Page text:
Future Planners News

What is the difference between non-aligned and aligned financial planners?

Wednesday, January 28, 2015

Looking for more information? Click here to read the ten questions to ask when choosing between an aligned or a non-aligned financial adviser.

In this video, Steve and Dianne discuss the advantages of non-aligned financial planners and how they differ to aligned financial planners. You can find out all you need to know about non-aligned and aligned financial planners by watching the video or reading the transcription below.

Steven: Well a non-aligned financial planner is a financial planning firm or single adviser that isn't beholden to any other larger institutions or fund managers. Generally, they run their own business and they're not influenced in any way to push a particular product or platform. They're independent.

Di: An aligned financial planner on the other hand is one who is generally employed or is responsible to one of the large industry players, whether it be one of the banks or a large insurance company. Many of those will have dealers licenses and under those dealers licenses will have a large number of advisers operating under them. They also have generally a product range and those advisers are either required or encouraged to use that product range in the solutions that they use for the clients that they see.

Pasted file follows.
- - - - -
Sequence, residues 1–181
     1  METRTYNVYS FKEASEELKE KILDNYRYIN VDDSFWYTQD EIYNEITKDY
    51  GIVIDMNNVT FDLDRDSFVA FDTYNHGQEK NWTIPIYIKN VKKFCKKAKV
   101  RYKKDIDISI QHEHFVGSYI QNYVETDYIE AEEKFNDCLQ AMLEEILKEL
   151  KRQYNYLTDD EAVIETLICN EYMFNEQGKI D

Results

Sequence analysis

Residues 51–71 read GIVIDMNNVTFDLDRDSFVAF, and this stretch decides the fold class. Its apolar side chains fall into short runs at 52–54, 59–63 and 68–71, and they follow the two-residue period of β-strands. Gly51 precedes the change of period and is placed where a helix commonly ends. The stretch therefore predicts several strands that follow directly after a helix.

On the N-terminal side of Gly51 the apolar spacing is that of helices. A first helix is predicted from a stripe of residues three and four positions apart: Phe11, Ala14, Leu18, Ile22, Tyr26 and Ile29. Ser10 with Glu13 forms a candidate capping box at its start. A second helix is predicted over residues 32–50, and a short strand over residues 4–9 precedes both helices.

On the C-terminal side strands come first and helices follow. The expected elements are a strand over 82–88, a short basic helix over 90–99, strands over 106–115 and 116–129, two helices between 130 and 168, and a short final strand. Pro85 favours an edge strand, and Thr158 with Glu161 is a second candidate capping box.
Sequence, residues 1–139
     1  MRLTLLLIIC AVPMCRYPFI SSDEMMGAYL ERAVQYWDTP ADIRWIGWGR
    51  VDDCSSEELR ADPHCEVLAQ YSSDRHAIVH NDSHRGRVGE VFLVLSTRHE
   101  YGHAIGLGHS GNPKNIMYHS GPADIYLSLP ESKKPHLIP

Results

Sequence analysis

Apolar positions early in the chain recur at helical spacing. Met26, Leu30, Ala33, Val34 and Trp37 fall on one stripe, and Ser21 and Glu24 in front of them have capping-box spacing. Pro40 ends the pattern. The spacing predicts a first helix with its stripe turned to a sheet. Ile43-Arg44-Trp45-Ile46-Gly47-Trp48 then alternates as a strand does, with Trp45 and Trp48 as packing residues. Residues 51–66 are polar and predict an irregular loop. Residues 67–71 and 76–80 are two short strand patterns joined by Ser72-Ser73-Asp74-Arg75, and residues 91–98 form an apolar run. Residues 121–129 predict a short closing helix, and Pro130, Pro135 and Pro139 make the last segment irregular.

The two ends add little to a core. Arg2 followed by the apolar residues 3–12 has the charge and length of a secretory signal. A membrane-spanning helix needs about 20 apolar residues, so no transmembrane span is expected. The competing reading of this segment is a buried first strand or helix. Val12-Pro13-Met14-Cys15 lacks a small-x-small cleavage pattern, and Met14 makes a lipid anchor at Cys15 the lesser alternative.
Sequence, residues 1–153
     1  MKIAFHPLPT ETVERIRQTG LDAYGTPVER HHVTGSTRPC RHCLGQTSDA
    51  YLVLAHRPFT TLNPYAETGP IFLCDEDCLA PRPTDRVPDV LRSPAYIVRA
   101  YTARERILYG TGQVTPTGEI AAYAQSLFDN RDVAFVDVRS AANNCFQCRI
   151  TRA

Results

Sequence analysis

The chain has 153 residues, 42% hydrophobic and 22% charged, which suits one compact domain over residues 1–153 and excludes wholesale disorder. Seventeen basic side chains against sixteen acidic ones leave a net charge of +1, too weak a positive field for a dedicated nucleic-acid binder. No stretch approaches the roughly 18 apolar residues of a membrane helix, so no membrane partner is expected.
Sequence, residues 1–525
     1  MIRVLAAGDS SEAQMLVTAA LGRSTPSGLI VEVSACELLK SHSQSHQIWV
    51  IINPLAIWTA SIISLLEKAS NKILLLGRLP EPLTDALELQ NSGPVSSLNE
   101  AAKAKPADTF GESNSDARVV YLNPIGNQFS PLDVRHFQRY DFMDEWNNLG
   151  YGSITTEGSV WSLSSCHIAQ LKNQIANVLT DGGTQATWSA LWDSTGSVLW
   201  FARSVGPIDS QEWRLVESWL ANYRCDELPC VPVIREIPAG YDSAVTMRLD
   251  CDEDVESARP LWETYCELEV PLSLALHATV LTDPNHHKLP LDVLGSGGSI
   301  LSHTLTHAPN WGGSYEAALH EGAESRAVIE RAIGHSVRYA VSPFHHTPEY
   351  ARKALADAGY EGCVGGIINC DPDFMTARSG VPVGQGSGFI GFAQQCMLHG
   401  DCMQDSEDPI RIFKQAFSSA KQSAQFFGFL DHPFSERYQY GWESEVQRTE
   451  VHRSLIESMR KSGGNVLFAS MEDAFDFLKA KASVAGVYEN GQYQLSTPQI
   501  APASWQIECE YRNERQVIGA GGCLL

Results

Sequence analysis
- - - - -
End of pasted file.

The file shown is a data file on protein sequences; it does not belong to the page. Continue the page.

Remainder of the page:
Steven: There's several ways that advisers can be paid, whether aligned or non-aligned. Some advisers get paid by the fund manager or by the product provider. But generally, a non-aligned adviser is paid by the client. And that's the crucial difference, because that way all the incentive to push a product or push a particular way is eliminated. And so that's a very important point.

Di: Having the wrong product can mean that you end up with an unwanted outcome. It may be that the product is much more aggressive and takes a lot more risk than you are willing to take.

Steven: There's probably only 10-15% of advisers are non-aligned. The majority are owned or have an influence by the major institutions or the banks.

Di: Well, I think the benefit to the client is that they are consulting with a planner who is not obliged to use a particular product range. We see many clients for whom we use no product. We simply provide advice for them and strategies that they can use to help them solve a particular financial problem. For many advisers, if they didn't use a product in the advice they gave, and the solutions they used, they wouldn't be paid. And for us we operate in a very different way. It's all about finding the right strategies.